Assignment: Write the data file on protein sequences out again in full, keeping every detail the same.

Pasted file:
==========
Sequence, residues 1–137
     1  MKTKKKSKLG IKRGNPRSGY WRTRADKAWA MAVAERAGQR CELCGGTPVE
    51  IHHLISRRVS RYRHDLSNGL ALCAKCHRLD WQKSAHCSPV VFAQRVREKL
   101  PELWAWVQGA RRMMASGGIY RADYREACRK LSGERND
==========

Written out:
Sequence, residues 1–137
     1  MKTKKKSKLG IKRGNPRSGY WRTRADKAWA MAVAERAGQR CELCGGTPVE
    51  IHHLISRRVS RYRHDLSNGL ALCAKCHRLD WQKSAHCSPV VFAQRVREKL
   101  PELWAWVQGA RRMMASGGIY RADYREACRK LSGERND